Talk to them about everything as soon as possible, preferably right when you’re just entertaining the idea of starting a business. It’ll help you avoid many conflicts, and you might also gain their support.
Do not forget to plan ahead
You can read a lot of books, attend countless workshops, and have sessions with mentors to learn how to keep up with the startup life and not lose your mind. But all of this is actually irrelevant. No matter what approach you choose, one thing is important: have a plan!
Some people use a motivational diary, where they write down their goals for the day, week, month, year, or even five years. You can establish a journaling routine, writing down your daily plan each morning and evaluating it in the evening, or you can perhaps use mind maps. It doesn’t matter what shape or form it takes. But be careful not to use the planning process to procrastinate. It's something to help you save time, not burn it. I've tried just about everything and decided to stick with the classic Google Calendar. No other tool can handle the fast pace of the startup world so well.
Once you start planning, follow this rule: when you make a promise or confirm your participation somewhere, write it down. As long as you are juggling just a couple of things, you can manage to remember when your parents are having a birthday party and that you have a status meeting on Monday. But once you get the ball rolling on your startup, everything just piles up, and you can't do without a system. You'll burn out.
If you're starting your own business, there's probably something that's driving you forward. And if you are to succeed, that something has to be intrinsic motivation. If, on the other hand, it’s money, success, or ego, think twice before you make your move. Of course, profit is a perfectly valid motivating factor, and no one can claim that it is irrelevant. But it's not the cornerstone on which you can base your startup. Why?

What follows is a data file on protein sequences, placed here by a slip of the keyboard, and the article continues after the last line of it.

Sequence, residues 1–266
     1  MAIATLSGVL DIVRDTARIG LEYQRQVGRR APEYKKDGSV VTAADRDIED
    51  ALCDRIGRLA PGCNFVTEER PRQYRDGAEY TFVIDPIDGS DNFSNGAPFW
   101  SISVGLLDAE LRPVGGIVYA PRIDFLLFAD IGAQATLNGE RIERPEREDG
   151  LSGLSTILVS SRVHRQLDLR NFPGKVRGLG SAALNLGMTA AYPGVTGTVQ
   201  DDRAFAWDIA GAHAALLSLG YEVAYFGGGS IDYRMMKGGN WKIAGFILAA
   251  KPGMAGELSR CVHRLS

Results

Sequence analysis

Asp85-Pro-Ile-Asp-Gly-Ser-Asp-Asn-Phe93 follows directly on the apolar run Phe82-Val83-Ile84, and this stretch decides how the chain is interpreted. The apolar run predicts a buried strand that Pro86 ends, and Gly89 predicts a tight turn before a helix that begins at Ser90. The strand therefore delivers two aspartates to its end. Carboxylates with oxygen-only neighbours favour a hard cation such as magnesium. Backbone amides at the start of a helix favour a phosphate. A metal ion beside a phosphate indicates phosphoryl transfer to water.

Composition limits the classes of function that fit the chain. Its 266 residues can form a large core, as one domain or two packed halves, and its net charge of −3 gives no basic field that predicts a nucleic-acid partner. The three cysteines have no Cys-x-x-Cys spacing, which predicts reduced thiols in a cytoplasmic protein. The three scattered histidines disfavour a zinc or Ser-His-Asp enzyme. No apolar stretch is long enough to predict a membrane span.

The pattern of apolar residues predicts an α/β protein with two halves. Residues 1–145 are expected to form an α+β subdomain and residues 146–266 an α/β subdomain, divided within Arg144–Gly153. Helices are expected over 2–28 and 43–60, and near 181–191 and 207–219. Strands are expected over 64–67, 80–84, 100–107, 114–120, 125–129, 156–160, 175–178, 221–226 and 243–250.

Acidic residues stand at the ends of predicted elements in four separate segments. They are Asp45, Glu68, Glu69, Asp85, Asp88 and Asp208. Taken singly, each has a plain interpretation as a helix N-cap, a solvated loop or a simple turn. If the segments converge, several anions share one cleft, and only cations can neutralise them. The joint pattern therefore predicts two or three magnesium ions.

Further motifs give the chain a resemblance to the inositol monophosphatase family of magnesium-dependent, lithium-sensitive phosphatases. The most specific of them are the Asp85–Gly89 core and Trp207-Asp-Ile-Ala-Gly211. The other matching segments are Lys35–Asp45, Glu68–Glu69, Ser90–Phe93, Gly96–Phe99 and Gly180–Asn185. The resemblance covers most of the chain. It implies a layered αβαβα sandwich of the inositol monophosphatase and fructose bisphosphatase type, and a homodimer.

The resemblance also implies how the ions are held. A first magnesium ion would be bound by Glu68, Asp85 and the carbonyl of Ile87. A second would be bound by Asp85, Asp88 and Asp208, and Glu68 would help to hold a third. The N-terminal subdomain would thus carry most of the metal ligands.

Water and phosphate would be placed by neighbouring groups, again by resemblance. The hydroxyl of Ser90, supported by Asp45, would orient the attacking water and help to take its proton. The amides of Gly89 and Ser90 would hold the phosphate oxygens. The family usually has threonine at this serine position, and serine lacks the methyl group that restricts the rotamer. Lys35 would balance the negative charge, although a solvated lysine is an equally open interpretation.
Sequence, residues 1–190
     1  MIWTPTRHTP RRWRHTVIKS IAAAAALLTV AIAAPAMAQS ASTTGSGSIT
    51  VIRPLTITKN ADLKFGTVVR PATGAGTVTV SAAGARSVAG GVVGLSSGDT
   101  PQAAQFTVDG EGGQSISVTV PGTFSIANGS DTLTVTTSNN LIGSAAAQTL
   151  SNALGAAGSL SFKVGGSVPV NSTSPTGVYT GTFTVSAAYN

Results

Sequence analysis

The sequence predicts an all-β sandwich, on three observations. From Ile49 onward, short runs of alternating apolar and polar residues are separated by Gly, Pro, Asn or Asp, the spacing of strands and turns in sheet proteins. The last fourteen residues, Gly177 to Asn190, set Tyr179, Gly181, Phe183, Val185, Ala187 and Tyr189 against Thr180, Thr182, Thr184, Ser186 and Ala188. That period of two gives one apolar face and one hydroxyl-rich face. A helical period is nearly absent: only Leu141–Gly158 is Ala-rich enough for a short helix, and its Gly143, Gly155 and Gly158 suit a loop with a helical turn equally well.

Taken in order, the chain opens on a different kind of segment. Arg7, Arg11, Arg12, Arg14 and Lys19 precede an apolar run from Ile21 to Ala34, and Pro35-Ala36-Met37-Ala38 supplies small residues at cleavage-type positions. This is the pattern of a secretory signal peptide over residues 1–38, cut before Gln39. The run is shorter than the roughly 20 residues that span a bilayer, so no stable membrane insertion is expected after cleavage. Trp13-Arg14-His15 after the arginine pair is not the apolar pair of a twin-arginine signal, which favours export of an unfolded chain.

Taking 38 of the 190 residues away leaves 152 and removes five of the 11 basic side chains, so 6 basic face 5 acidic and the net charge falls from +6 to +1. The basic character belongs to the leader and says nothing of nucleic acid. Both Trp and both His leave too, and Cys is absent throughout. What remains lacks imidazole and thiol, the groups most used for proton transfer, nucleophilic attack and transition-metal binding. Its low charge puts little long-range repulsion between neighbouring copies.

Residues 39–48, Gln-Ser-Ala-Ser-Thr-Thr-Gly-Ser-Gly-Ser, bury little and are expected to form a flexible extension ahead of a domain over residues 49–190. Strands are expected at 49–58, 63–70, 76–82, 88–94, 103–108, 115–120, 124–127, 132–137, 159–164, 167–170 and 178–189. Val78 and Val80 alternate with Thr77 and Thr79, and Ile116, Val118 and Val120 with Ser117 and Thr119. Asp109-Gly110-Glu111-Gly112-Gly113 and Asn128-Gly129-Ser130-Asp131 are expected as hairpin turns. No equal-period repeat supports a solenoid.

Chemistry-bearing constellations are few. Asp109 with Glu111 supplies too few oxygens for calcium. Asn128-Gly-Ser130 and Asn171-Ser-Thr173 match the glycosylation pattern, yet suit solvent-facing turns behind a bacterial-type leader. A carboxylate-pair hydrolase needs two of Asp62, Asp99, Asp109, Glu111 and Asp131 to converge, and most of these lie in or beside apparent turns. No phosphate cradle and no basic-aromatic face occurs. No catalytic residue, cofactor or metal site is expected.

There can be times when things go wrong when starting a company. You waste money, you don't get customers, someone steals from you, or something else goes horribly wrong. Just imagine it. You're broke, and you feel like you've lost everything. Do you think the idea that maybe someday (but really just maybe), you'll make a lot of money, is enough to keep you going?
Theory teaches us that there are several factors that underlie intrinsic motivation. These define the needs that our actions must satisfy in order for us to be intrinsically motivated. What are they?
- The need for a difficult but achievable challenge
- The need for control over our own work and the environment around us
- The need to compare our success with that of others
- The need to help others with what we do
- The need to pursue new and interesting topics that we are unfamiliar with
- The need for recognition of our achievements by others
One man’s meat is another man’s poison. For me, for example, it is essential that the problems we deal with at Dio are truly unique. Since we are one of the first to address the digitization of the church, our job is that much harder. But at the same time, I'm driven forward by the feeling that we're building something so innovative. It wouldn't be possible without it. Try to think about what your intrinsic motivation is.